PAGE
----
NC Senate Moves Forward Three Constitutional Amendments On Elections, Income Tax Cap

By David N. Bass
Carolina Journal

A North Carolina Senate committee moved forward a bill on Thursday that would put three constitutional amendments on the November general election ballot.

The original version of Senate Bill 630 included a proposed amendment specifying that only US citizens may vote in elections. But the measure was amended during the committee meeting to include two additional amendments. One would build on the voter ID amendment passed in 2018 to require a voter ID for all forms of voting, not just in-person. The second would put a cap on the state income tax of 5% into the state constitution.

To pass, a constitutional amendment must garner a three-fifths majority of support in both chambers of the legislature and a simple majority vote of voters at the ballot box. The three proposed amendments would appear on the ballot as separate items.

Most of the focus of debate in the committee was on the non-citizen voting constitutional amendment. On June 5, the House moved along a similar constitutional amendment. Supporters argue the amendment is needed for further clarify state law and prevent localities from allowing non-citizens to vote.

“Democrats in far-left cities and states are doing everything they possibly can to allow noncitizens to vote in elections,” said Sen. Brad Overcash, R-Gaston, in a statement. “The best defense we can mount against these attacks on democracy is to empower the people of North Carolina to amend their own constitution to state that only U.S. citizens shall vote in our elections.”

“In the era of ‘lawfare’ run rampant, I don’t think we can rely on language that is not exact on this,” said Jim Stirling, research fellow at the John Locke Foundation’s Civitas Center for Public Integrity, during testimony before the Senate committee.

Ann Webb, policy director for Common Cause NC, said the amendment “is driven by conspiracy theories, frankly, about non-citizen voting that are rampant in our politics today and are designed to tear our voters apart rather than helping us see how we can be brought together.”

Sen. Natasha Marcus, D-Mecklenburg, questioned whether the amendment is needed given the existing language surrounding citizen-only voting in state law.

“The North Carolina Constitution’s current language is permissive and doesn’t say ‘only,’” responded Sen. Buck Newton, R-Wilson. “What we’re seeing is a trend across the country and rumors of it here in North Carolina of allowing non-citizens to vote because court rulings in other places have held similar or the same language to be permissive and not restrictive.”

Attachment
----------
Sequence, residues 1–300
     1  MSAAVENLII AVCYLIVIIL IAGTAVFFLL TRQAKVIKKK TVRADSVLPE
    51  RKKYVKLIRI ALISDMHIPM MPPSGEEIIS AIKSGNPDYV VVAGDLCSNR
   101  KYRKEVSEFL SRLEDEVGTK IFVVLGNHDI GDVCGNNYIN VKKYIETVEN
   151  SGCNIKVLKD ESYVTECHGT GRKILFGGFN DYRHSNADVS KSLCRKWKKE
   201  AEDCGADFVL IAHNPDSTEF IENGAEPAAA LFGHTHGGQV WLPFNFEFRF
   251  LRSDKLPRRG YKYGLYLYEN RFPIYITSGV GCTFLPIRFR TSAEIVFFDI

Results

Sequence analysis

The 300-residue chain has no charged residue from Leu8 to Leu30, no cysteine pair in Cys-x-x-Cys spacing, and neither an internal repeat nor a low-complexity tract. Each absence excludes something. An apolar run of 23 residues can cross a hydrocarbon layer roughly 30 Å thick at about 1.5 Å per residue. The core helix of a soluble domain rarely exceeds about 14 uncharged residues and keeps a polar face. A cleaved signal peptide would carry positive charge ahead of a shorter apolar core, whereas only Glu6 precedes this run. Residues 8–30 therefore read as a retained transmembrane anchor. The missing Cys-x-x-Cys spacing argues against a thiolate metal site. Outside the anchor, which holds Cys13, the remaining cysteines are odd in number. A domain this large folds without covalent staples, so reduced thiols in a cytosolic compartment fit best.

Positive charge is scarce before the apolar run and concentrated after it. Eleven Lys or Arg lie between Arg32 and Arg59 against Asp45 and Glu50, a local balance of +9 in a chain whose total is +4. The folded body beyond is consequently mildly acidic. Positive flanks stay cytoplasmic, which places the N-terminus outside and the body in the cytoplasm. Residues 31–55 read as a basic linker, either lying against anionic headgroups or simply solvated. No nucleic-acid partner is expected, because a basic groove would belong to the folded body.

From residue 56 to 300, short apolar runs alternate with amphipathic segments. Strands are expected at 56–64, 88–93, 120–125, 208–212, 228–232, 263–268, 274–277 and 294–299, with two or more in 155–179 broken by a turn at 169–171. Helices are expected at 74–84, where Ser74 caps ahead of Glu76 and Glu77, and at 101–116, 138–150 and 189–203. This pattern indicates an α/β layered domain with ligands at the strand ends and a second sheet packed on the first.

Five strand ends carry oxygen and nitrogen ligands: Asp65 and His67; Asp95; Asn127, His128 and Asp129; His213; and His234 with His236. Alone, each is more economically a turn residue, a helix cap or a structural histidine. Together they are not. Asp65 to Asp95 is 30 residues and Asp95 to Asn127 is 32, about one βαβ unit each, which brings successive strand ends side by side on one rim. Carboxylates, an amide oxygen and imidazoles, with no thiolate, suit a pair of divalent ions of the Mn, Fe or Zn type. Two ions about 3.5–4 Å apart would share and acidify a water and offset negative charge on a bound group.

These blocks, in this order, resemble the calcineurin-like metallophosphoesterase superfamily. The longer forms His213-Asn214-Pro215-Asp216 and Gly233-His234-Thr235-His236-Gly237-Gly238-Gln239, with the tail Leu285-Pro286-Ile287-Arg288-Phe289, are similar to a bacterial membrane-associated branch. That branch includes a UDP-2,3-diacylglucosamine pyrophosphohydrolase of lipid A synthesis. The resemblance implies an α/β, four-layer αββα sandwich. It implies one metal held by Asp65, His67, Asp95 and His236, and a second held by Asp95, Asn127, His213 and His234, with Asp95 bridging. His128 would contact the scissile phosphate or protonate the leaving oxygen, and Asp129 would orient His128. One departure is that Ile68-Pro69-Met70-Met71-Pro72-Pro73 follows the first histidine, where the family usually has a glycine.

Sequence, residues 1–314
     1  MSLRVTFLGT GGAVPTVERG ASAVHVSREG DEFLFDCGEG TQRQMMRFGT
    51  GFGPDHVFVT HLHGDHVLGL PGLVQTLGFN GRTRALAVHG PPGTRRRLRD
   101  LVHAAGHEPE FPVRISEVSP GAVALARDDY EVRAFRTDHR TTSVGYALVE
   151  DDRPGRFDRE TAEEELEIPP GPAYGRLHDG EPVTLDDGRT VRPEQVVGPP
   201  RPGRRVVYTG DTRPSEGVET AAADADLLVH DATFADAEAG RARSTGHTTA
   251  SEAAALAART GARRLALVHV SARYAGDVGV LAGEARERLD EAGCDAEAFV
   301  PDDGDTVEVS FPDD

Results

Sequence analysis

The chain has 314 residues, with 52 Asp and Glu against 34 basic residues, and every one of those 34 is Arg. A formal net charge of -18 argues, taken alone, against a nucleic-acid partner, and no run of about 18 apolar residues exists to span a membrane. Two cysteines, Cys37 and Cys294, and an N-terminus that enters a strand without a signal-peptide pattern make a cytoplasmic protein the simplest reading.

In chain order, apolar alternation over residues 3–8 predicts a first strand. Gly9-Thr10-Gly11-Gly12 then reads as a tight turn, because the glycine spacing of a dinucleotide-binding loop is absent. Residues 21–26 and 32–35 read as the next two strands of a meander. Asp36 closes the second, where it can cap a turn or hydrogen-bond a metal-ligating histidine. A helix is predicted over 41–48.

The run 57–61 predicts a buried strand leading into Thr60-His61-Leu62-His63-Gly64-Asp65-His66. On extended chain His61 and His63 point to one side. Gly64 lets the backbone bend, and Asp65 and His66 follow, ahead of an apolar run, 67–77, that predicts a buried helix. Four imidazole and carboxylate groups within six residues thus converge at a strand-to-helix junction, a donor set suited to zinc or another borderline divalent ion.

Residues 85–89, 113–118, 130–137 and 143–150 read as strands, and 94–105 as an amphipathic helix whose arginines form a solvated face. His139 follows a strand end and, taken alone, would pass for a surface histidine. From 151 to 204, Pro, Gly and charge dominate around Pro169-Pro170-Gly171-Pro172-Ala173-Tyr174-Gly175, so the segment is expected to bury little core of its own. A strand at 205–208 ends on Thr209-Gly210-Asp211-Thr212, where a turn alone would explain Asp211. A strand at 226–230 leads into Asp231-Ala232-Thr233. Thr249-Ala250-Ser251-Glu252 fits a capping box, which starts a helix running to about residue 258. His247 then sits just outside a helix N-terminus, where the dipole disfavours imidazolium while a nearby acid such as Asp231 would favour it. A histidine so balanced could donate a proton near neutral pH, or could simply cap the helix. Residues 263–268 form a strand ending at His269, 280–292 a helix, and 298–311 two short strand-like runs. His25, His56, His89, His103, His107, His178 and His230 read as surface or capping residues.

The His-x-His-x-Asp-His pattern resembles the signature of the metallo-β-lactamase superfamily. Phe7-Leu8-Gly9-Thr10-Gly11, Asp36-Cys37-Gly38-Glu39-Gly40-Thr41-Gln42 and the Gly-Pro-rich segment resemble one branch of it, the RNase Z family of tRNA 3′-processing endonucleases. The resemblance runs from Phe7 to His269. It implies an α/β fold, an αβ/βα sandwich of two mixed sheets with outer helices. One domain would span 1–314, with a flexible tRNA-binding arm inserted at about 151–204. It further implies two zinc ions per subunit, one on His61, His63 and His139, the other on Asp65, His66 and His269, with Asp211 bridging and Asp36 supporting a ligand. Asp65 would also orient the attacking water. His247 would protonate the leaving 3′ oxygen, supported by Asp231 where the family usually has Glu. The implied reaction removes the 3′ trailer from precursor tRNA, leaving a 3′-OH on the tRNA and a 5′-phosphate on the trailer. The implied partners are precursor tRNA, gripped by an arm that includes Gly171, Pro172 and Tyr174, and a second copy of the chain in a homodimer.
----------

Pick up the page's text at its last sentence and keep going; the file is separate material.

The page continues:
Recent polling by Carolina Partnership for Reform found support for all three amendments from NC voters: 68% said they would back an amendment on non-citizen voting, 70% favor the expanded requirements surrounding voter ID, 71% would give a green light to reducing the maximum NC income tax rate allowed by the constitution from 7% to 4%.

David Bass is a senior contributor to the Carolina Journal.


  1. The idea that we would let people vote who aren’t citizens is mind boggling. Only a crazy person would think letting people vote who aren’t citizens is smart

    • According to the state constitution, non- citizens are not allowed to vote now. Why do we need an amendment to change the wording to say the same thing? Political gamesmanship is the only reason. This is what we get for constantly voting for the same idiots, all the care about is getting re-elected.

  2. Only in America do the hard-working people get taxed for their labor in order to pay for the lazy ones who don’t work. Murrrica! Do away with income tax. We worked for it. The government didn’t.

  3. I’m so tired of the GA using the voter ID ploy to get re-elected. They wrote into the law a provision that allows anyone to vote without an ID. They pandered to the religious right and put in a provision that all anyone has to do it claim religious objection/beliefs and can vote without showing an ID. Maybe someday EVERY voter will claim religious objection and vote without showing an ID to show the GA how ridiculous their voter ID law is that they created to fix a problem that didn’t and doesn’t exist.

Leave a Reply